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Anette’s childhood in Ghana was a happy one. Her parents were caring and supportive. She had a close relationship with her older brother. She was an excellent student in a competitive educational system.

But when Anette was 14 years old, “Life showed me another side.” Her mom -- “my biggest fan” -- got sick and died on Christmas Eve. Two weeks after her mom’s burial, Anette’s dad passed away. Anette was in the middle of a crucial set of exams at the time to determine whether or not she’d get to attend high school; she told us she remembers finishing her last paper and immediately jumping into a car to head to her dad’s burial, still wearing her school uniform.

With both of her parents gone, Anette struggled financially (yes, we realize that probably sounds like the most obvious statement ever). Then, when she was 16 years old, Anette was raped by a near-stranger. For years, she kept the crime largely to herself, telling us that in her community, “You get a bad name for even being raped.”

If you’re about ready to flip a figurative table right now, you’re not alone. And we really, REALLY wish we could tell you that this was the last awful thing to ever happen to this amazing young woman. (Sorry in advance.) On Christmas Day around midnight when she was 18, Anette woke up to dozens of missed text messages and phone calls. And we all know that when that happens, it’s never because there’s good news waiting.Anette’s big brother -- and hero and the person who always made her smile -- was dead.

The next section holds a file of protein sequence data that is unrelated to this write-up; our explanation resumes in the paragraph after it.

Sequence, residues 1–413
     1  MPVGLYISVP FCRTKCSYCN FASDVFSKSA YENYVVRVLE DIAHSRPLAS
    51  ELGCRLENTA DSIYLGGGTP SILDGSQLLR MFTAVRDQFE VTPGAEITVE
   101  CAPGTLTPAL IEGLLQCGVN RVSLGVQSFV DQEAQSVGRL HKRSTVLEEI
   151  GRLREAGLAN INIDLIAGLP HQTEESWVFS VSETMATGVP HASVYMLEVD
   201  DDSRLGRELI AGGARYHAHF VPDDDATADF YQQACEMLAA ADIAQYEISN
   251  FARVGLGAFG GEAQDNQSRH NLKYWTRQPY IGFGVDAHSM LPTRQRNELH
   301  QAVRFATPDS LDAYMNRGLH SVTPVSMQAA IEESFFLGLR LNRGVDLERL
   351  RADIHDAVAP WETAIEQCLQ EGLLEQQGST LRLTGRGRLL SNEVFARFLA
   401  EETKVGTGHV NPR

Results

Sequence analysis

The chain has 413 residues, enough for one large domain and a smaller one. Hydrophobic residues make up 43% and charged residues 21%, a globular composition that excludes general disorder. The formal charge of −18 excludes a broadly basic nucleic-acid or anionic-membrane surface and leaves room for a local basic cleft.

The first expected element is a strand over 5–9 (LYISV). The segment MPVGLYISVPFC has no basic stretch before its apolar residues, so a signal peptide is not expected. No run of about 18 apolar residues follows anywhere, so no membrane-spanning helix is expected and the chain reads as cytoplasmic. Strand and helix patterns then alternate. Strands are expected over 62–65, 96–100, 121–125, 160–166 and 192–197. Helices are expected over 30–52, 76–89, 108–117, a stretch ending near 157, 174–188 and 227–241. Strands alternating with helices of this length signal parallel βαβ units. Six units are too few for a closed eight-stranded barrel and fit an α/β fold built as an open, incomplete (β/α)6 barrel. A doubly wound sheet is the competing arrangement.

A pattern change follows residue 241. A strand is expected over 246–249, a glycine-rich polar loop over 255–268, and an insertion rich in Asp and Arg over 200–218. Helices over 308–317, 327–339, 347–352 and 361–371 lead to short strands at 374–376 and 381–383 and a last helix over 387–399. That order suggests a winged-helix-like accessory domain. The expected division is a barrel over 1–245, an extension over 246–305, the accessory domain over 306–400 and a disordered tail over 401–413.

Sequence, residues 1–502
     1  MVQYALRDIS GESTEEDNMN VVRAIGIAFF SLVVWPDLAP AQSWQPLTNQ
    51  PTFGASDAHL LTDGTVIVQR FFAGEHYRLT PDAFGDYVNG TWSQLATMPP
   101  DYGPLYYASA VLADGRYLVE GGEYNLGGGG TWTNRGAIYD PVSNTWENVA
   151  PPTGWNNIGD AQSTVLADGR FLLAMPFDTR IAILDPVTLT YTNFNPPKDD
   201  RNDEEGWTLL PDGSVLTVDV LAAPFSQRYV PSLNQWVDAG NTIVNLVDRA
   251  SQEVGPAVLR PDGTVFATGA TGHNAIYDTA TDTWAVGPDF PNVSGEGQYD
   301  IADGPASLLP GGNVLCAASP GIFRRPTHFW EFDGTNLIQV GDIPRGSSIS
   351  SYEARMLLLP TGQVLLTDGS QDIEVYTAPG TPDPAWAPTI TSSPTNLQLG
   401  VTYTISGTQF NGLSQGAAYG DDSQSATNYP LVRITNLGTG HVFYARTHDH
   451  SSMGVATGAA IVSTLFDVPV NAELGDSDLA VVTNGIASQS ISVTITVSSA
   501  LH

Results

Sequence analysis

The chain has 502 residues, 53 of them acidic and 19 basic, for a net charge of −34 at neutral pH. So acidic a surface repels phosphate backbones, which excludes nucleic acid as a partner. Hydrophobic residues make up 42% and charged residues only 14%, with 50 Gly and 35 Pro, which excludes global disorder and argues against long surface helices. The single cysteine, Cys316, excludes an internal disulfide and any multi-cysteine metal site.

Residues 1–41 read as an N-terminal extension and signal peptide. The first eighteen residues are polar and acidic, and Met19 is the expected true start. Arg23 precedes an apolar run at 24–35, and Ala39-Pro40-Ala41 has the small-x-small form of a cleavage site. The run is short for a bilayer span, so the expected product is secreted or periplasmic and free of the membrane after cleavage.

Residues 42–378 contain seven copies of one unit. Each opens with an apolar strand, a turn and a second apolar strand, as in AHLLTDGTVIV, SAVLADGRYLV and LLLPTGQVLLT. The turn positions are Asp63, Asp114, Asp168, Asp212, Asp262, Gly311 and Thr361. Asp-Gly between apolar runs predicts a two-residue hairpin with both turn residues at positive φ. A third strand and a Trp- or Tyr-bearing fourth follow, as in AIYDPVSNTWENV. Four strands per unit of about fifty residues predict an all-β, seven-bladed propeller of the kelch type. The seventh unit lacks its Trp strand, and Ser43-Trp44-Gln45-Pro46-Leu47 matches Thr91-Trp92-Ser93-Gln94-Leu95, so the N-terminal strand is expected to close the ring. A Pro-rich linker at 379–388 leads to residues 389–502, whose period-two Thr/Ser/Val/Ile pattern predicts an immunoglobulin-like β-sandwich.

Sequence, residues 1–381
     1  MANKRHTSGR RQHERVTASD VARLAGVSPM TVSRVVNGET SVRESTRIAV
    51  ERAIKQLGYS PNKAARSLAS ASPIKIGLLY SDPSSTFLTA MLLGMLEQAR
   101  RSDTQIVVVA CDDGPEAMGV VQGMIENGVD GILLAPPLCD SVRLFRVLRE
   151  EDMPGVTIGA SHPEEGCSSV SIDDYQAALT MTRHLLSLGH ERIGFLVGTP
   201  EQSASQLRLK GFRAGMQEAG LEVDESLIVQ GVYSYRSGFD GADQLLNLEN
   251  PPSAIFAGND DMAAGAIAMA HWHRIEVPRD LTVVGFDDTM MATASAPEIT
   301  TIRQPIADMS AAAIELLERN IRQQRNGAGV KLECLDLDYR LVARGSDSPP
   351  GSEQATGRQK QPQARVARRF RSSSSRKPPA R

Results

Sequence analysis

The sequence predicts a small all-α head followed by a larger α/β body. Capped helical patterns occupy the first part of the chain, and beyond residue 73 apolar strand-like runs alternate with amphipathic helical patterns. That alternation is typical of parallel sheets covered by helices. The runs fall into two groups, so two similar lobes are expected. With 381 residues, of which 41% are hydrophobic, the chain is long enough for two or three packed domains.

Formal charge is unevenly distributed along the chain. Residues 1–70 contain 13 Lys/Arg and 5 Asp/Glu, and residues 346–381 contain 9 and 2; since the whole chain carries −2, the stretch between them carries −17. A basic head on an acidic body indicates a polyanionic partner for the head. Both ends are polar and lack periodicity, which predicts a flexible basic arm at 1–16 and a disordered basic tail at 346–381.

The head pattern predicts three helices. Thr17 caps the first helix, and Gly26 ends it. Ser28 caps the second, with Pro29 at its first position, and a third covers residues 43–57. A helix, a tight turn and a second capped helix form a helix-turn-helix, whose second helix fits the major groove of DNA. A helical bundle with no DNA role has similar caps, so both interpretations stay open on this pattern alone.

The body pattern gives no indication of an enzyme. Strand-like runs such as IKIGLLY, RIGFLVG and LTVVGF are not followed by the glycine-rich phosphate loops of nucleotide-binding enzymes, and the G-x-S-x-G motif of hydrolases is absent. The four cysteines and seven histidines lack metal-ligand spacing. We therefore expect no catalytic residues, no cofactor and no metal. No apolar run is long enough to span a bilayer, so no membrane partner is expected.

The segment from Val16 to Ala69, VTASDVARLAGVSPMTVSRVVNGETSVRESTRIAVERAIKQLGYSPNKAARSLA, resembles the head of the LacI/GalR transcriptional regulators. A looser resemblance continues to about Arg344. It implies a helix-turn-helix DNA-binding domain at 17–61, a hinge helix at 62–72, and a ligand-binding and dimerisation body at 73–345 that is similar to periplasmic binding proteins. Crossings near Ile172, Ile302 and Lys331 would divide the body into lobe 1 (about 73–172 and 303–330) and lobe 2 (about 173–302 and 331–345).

A profile view of Anette; she's a young African woman wearing a green, purple and yellow floral dress and is staring into the sunshine.

A photo of Anette. She is a young African woman wearing cat-eye eyeglasses and a light pink blazer. She has a huge smile on her face and is standing in front of a university building.

Today, Anette is 22 and attending college in California as part of a scholarship program for girls from rural Africa. Her goal? To earn a law degree and return to Ghana to help other young girls and women.

“I decided that if I am able to live long enough to be successful, education-wise, I am going to dedicate my life fighting for justice and social equality,” she told us. “Corruption in Ghana makes the people who are already going through pain’s situation worse. Especially girls and women. Women in their old age get accused of being witches and are lynched. Girls are raped and never get justice. It's just the way the system is.”

That might be so, but Anette wants to help change the system. And we believe this resilient young woman can do exactly that.

When you shop our merch or make a donation on our page, you help people like Anette. Make a purchase today at StillKickin.Co/Collections. Or donate at GiveMN.Org/StillKickin. Together, we can #HelpAHumanOut.